One stroke of genius on the default Avid keyboard was to place two of the most commonly used functions, INSERT and OVERWRITE on the V and B keys, respectively. It seems strange at first but by placing those commands there at the bottom of the keyboard they are directly under your left index finger for very easy and very fast access. Sure V and B don’t make a lot of sense from an easy-to-remember-standpoint but that’s where you can get creative. I heard a funny thing from That Post Show’s creator John Flowers about this very topic. These are easy to remember if you just change the function’s name: VINSERT and BOVERWRITE! I like that. So I propose two new terms in the non-linear editing lexicon:

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Done. Easy to remember.

The other thing that an editor can do to increase their productivity is to create different keyboard maps for different tasks. Final Cut Pro attempted this by including both their default keyboard layout as well as a Multi-camera Editing layout. This was a good start but the multi-cam layout only changed the numeric keypad. Plus it defaulted to the ‘switch’ camera angles keys. Don’t you usually want to cut to another camera angle when using true multicam style editing as your timeline plays along? Also, they put the camera numbers in the wrong place. Check out this QuickTip for what I think is the more logical arrangement of the keypad for multicam editing. I enjoy different layouts for audio editing, effects work and multicam. If you don’t rely on the color-coded keycaps then you can learn a lot of different keyboard layouts without much trouble.

Since this is a manifesto let me lay out a few ideas for good keyboard based editing:

Change the default keyboard mappings to something that better suits your working style and the keys you most often use.
Change those keys to reflect efficiency in editing giving easy, one-stroke, no modifier key access to your most frequently used commands.
Don’t rely on the first letter of a particular command when assigning commands to the keyboard.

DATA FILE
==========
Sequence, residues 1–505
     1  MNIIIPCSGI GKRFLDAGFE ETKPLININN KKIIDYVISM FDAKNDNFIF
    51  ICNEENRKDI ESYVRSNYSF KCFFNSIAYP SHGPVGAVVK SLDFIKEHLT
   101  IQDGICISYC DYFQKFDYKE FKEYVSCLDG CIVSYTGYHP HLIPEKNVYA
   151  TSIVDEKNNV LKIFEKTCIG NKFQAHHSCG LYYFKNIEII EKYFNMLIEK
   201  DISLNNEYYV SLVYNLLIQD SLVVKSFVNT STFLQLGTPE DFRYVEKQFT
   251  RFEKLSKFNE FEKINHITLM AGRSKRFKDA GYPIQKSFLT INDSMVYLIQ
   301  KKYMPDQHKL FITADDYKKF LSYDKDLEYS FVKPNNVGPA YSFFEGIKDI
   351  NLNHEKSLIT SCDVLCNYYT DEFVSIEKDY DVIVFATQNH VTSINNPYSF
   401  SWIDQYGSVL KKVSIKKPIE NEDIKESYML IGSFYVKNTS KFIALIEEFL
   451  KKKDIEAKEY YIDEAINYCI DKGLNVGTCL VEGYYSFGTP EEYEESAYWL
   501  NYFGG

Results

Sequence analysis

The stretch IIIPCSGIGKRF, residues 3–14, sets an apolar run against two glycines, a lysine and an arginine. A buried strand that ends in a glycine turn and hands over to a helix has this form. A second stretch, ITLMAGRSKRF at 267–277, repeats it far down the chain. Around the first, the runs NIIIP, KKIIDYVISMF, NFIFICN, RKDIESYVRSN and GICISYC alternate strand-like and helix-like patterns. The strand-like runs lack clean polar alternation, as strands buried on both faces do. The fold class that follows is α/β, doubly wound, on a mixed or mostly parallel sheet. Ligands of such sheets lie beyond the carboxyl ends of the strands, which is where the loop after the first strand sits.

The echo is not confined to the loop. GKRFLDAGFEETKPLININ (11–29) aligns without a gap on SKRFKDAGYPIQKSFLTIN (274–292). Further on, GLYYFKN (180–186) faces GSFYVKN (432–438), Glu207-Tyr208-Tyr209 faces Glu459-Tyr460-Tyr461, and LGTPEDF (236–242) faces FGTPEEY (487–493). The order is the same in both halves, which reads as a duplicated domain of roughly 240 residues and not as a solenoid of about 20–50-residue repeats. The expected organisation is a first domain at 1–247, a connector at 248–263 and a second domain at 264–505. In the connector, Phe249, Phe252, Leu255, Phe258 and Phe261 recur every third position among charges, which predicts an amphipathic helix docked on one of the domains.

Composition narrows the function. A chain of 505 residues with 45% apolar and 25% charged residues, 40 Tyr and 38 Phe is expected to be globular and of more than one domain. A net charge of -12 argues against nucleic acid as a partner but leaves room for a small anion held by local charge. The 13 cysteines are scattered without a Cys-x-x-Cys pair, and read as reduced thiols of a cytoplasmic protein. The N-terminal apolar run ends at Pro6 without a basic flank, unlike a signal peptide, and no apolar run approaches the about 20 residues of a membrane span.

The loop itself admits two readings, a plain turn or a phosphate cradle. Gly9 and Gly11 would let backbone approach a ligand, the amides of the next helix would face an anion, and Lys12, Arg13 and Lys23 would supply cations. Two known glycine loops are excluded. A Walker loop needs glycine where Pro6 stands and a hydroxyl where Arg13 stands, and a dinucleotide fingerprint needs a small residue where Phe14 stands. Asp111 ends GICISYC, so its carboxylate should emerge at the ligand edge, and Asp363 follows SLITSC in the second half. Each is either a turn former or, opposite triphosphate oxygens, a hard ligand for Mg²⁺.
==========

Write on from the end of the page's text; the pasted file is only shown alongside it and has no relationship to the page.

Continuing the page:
Set up multiple keyboard mappings for different types of tasks.
Ditch your key-cap, color-coded editing keyboard in favor of a plain keyboard in order to learn where your keys really are so you do not rely on the keyboard icons.

Lastly, a long time ago I posted my newly created Avid-like FCP keyboard layout on Flickr, complete with notes as to what the keys do. The Avid keyboard is there as well. I then forgot about it. Since then there have been a number of comments asking for me to email them this FCP keyboard layout. Instead I’ve posted the FCP keyboard layout file here for anyone who wants to give it a try. Keep in mind that this is a layout that is perfect for ME. It can (and should) be changed to meet your specific needs and make your own workflow as efficient as possible. For example, I remapped the default SNAPPING toggle button from N to H as I wanted the Play Around Current on the N key. In hindsight I should have just put Play Around Current on the H key but I’ve been using it the other way for so long that I don’t want to change it now. So use the layout as is or feel free to tweak it to your liking.

If you give it a chance and remove the mindset that the FCP default is best you will come to love the meat of this keyboard layout. The beauty of it is that it is still so customizable. All of the F keys are meant to be mapped to your favorite, frequently used keys. And there’s always my friend F13 to map to whatever command needs easy access to at the moment. Give it a try, spread it around. Just remember, there’s really only one perfect keyboard layout, the one that makes you as an efficient editor as possible.

 


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Scott Simmons

Scott Simmons was born in rural West Tennessee and didn’t really realize that movies and tv had to be made by actual people until he went to college. After getting degrees in both Television Production and Graphic Design he was in one of the early graduating classes at the Watkins Film School in Nashville, Tennessee. During that time at Watkins he discovered editing. While most of his classmates in film school wanted to be directors, Scott saw real career opportunities in post production and took a job as an assistant editor after completing film school. In 1999, Scott took the leap into freelancing and in 2007 accepted a position as an editor at Filmworkers – Nashville. In 2005 Scott created The Editblog a website dedicated to all things editing and post-production which is now housed here at PVC. Someday he hopes to edit on a beach with a touch screen device, a wireless hard drive and a Red Stripe.